One often extends this notion to a cogenerating family of objects, which is a (usually small) set of objects in such that the family is jointly faithful. This means that for any pair , if they are indistinguishable by morphisms to in the sense that
Much more generally, we have
Every topos with a small set of generators (e.g., a well-pointed topos, or a Grothendieck topos), and that has products of objects indexed over sets no larger in cardinality than the generating set, admits an injective cogenerator.
Let be a set of generators for the topos; as usual, let be the subobject classifier. We claim that a product
is a cogenerator. For suppose are distinct morphisms. The contravariant power object functor is faithful (a familiar fact, since it is monadic), so that are distinct. Since the objects form a generating set, there is some such that the composites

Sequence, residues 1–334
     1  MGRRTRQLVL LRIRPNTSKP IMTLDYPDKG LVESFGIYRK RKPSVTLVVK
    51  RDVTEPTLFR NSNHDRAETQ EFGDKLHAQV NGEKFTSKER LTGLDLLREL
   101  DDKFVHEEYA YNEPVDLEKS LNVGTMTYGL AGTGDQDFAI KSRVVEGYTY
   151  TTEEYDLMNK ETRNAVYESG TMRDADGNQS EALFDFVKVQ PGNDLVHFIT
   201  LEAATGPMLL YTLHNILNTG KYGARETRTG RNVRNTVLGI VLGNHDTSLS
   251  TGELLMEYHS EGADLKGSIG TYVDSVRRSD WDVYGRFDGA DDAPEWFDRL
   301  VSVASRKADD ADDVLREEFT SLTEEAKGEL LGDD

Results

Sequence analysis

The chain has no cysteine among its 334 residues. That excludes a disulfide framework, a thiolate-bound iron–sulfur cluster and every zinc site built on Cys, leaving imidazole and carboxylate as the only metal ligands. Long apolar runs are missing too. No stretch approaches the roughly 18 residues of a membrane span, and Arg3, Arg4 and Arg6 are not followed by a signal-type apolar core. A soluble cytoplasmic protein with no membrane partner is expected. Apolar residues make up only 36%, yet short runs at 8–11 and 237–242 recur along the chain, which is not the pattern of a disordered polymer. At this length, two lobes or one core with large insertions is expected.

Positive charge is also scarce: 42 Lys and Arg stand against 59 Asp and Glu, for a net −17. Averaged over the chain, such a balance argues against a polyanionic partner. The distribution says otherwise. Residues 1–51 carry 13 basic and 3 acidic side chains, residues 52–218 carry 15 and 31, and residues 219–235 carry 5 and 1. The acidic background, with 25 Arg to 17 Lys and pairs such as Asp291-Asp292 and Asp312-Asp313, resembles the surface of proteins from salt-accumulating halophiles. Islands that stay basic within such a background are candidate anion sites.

are distinct. The map may be transformed to a map , and it follows that the two composites
are distinct. For any other , we may uniformly define to be the map classifying the maximal subobject of , so that these maps together with collectively induce a map
that yields distinct results when composed with and . This proves the claim.
The object is injective because already is injective (see Mac Lane-Moerdijk, IV.10), and it is a general fact that in a cartesian closed category (or more generally a closed monoidal category), an exponential (or internal Hom) whose base is injective is also injective, and products of injective objects are injective.
Notice also that the existence of a small (co)generating family is one of the conditions in one version of the adjoint functor theorem. We may conclude, for example, that Grothendieck toposes are cototal (q.v.).
The concept of cogenerator is dual to that of separator, so it can also be referred to as a coseparator.